-- Wildcard, part C: Trent Richardson. He would most likely be the best player available if he falls, and would serve as a heckuva number 2 in the beastmode backfield. But, is it worth taking a back at 12 if he's going to be 1B for the next 2-3 years? If Seattle sees him as a stud for the next 8 or so (he's 21 years old), then maybe...

-- I currently see David Decastro as the safest pick at 12, even if it's kind of high for a guard. He can also play center.

-- I have assumed "top 7" picks are gone. There are more potential players at 12 to talk about.

Dont'a Hightower vs. Luke Kuechly: Not to say Seattle will take a linebacker in the first or at 12, but it's possible and these are two names on the radar. I see them very differently and it depends on what Seattle is looking for at the position. Hightower I'm a fan of because he's a more traditional thumper and I like the idea of him paired with a big front line and speed around him, but I think there are things Kuechly does very well and my opinion of him has improved the more I watch.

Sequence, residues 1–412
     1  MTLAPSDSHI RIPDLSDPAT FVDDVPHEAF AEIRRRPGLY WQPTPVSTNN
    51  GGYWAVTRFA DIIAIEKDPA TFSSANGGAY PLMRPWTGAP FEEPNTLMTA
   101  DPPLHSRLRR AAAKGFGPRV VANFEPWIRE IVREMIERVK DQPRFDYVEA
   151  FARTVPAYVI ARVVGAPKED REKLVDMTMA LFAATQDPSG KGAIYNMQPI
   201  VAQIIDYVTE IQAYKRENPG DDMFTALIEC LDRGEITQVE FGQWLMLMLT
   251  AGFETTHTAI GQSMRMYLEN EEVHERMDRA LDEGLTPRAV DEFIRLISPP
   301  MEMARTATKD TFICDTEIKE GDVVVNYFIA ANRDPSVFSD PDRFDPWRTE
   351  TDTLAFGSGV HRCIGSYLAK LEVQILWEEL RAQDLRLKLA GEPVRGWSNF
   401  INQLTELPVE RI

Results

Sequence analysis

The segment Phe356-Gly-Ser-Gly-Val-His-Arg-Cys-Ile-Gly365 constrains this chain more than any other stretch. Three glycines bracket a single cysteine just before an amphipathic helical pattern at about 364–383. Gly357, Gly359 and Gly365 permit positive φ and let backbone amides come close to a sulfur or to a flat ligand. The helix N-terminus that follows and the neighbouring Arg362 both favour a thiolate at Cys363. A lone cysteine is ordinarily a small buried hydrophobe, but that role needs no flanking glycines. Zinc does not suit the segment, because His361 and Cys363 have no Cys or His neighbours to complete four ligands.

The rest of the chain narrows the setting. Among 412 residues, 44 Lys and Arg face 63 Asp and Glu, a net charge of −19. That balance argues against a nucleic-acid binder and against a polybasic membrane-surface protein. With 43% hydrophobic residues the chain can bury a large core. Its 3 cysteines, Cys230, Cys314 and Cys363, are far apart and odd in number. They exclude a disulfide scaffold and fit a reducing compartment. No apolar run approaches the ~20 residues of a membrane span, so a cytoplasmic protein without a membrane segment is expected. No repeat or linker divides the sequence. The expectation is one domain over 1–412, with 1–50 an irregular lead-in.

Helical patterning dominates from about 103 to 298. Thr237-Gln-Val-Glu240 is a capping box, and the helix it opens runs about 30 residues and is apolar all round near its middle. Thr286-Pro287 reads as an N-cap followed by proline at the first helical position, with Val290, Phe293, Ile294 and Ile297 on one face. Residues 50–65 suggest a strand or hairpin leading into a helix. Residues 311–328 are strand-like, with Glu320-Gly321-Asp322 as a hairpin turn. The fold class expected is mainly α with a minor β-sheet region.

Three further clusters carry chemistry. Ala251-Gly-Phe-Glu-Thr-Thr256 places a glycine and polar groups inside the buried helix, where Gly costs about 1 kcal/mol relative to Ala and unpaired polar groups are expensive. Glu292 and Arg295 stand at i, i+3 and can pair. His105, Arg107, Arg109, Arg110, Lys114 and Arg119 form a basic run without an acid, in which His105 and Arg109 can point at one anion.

Hightower is not a quick twitch, fast, flashy athlete. He's big, somewhat stiff, strong, smart, versatile, tough, a leader; I think a good player to pair with K.J., both big guys that can play on passing downs - as rusher or in coverage - and seem ideal to pair with a bunch of smaller, speedier back seven players. I like the element of competition this could bring and may also provide the coaching staff the opportunity to place them in somewhat interchangeable roles that accentuate both of their strengths. Plus, last year we saw their 1st rounder come out of Alabama. Maybe that means nothing, but I'm inclined to believe it means at least a little something.